Center for Biological Diversity

For Immediate Release, March 10, 2022


Will Harlan, (828) 230-6818,

Report Card: North Carolina’s Pisgah-Nantahala Forest Plan Flunks

100 Organizations Give Failing Grades to Forest Service Plan for Quadrupling Logging

ASHEVILLE, N.C.— A report card issued by the Center for Biological Diversity and endorsed by 100 organizations and businesses gives failing grades to the newly released Pisgah-Nantahala Forest Plan. The Forest Service plan would dramatically increase logging in the country’s most popular national forest while reducing protections for its most important recreation and conservation areas.

“The Forest Service gets an F for a plan that opens up the Pisgah’s best places to logging,” said Will Harlan, a senior campaigner and scientist at the Center. “The only way to address the climate emergency and the extinction crisis is to protect more of the natural world. This plan issued under the Biden administration does exactly the opposite. It’s a travesty.”

The forest plan decides which areas will be logged and which areas will be protected. This blueprint will guide forest management for the next 30 years.

Today’s Pisgah-Nantahala Forest Plan Report Card summarizes the government’s 2,000-page plan and grades it on 10 key issues, including trails, old-growth, recreation, water, climate and protected areas. Expert analysts gave the plan passing grades on a few issues, but overall, it flunked.

The report card also offers a cheat sheet with 10 ways to fix the plan. These steps include protecting all remaining old-growth forests, prohibiting logging on steep slopes and in trail corridors, strengthening protections for rare species’ habitat, keeping carbon sequestered in mature forests to protect our climate, and safeguarding more than 101,000 acres of the wildest and most biologically diverse portions of the Pisgah-Nantahala.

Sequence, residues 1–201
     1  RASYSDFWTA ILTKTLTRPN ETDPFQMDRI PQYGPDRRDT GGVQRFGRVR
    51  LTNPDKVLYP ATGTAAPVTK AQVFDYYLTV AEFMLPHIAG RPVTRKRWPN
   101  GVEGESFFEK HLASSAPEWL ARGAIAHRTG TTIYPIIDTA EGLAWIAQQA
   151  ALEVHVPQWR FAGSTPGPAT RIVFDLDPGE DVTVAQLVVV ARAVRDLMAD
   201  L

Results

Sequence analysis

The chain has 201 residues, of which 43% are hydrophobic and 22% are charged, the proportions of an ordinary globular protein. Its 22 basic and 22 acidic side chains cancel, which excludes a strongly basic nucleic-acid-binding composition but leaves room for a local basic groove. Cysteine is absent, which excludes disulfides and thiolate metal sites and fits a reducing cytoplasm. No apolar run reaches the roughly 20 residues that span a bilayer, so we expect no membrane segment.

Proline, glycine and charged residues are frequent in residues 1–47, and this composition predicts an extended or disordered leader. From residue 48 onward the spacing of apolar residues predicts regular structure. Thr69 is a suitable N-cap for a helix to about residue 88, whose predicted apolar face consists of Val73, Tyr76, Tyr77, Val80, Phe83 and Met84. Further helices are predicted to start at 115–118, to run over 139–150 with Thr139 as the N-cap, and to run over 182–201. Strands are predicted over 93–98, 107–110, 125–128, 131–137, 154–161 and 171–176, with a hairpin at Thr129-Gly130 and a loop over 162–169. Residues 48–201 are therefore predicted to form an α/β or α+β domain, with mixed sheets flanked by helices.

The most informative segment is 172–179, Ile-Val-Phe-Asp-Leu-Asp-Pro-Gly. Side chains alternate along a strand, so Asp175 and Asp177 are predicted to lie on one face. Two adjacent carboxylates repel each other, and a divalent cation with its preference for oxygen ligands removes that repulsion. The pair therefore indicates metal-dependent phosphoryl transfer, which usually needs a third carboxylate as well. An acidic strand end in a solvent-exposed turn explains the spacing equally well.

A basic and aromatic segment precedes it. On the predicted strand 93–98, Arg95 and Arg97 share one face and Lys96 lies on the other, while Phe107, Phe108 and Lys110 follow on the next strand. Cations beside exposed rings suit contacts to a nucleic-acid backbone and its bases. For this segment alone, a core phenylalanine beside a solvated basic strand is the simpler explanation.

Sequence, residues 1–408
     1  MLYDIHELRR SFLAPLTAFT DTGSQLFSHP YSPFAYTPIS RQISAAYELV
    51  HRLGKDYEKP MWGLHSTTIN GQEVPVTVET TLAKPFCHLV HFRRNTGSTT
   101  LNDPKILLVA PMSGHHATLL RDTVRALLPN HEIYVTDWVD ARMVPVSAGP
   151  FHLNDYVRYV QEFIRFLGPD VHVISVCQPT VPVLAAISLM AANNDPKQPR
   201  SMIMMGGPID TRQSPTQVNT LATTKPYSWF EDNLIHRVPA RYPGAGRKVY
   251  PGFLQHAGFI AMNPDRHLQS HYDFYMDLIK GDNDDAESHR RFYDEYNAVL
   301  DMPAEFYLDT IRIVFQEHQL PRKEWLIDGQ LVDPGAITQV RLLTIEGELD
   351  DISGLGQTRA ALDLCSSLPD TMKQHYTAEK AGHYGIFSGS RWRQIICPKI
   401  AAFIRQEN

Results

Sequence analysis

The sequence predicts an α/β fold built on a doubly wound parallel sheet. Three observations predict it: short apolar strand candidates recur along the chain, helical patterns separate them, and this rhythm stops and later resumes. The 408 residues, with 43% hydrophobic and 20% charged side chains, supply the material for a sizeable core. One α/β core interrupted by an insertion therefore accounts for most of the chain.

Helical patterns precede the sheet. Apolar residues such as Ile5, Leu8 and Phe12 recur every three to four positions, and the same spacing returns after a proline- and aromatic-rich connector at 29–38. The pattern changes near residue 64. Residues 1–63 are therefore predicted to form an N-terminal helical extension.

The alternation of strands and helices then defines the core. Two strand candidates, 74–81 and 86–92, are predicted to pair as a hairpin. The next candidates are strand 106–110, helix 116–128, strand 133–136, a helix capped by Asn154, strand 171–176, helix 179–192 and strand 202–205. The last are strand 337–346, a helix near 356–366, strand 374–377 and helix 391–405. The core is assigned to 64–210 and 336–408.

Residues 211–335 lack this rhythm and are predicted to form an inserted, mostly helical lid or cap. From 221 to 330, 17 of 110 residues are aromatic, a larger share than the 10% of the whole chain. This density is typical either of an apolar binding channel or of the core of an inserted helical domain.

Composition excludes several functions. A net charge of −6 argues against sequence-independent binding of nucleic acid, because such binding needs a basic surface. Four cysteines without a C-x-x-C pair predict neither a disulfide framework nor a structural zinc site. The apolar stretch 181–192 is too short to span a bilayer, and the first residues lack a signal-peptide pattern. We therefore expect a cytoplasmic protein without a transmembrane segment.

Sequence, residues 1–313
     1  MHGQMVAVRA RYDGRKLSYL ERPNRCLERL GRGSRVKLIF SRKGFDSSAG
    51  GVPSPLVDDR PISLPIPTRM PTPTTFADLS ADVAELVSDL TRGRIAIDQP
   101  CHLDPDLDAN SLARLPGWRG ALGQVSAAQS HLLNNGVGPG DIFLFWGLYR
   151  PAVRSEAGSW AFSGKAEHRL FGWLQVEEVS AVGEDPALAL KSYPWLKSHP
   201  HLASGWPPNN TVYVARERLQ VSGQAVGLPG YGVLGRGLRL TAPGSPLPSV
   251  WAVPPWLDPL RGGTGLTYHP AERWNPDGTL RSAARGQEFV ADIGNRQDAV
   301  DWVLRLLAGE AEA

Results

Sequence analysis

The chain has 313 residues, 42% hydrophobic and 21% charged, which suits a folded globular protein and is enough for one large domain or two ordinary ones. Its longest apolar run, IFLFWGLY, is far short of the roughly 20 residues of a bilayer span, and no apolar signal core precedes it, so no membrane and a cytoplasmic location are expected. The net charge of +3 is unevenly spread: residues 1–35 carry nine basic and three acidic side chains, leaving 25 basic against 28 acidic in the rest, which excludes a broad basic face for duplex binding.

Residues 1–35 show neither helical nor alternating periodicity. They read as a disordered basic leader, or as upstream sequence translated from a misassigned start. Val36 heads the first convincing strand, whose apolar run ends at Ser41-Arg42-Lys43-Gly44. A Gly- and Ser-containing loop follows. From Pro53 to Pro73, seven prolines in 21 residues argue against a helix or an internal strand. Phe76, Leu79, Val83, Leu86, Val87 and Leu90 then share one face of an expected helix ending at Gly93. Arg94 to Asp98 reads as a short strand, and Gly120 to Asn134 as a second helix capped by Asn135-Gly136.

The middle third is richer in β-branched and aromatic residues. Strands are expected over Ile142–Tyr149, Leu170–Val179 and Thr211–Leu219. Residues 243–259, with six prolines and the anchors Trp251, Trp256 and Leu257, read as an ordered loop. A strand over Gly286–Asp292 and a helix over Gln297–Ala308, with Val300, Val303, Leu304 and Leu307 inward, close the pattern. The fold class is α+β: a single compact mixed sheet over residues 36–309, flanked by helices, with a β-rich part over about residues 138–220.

The forest plan received a record-setting number of public comments. More than 92% of all comments supported stronger protections for the 1.1-million-acre forest.

“The plan utterly ignores eight years of public input,” said Steven McBride, lead organizer of the I Heart Pisgah coalition. “It is a failed plan and a missed opportunity.”

One of those missed opportunities was a failure to safeguard the proposed Craggy National Scenic Area, which would protect old-growth forests, pristine headwaters, and panoramic views from the Blue Ridge Parkway. Craggy has widespread support from local communities, city and county governments, and more than 150 businesses and organizations, including the timber industry. However, the Forest Service plan places more than 4,000 acres of Craggy in its highest-priority logging designation.

The forest plan’s highest grade in the report card is a D. However, the plan overall gets an F for targeting more than 60% of the forest for logging, including a quarter-million acres of old-growth forests and rare species habitat. The plan also authorizes 300 miles of new roads and massively increases herbicide use without evaluating the risks to rare and endangered species.

A 60-day objection period for the forest plan ends March 22. Organizations and individuals can object to the plan. They can also make their voice heard through the report card’s web site:

The Center for Biological Diversity is a national, nonprofit conservation organization with more than 1.7 million members and online activists dedicated to the protection of endangered species and wild places.

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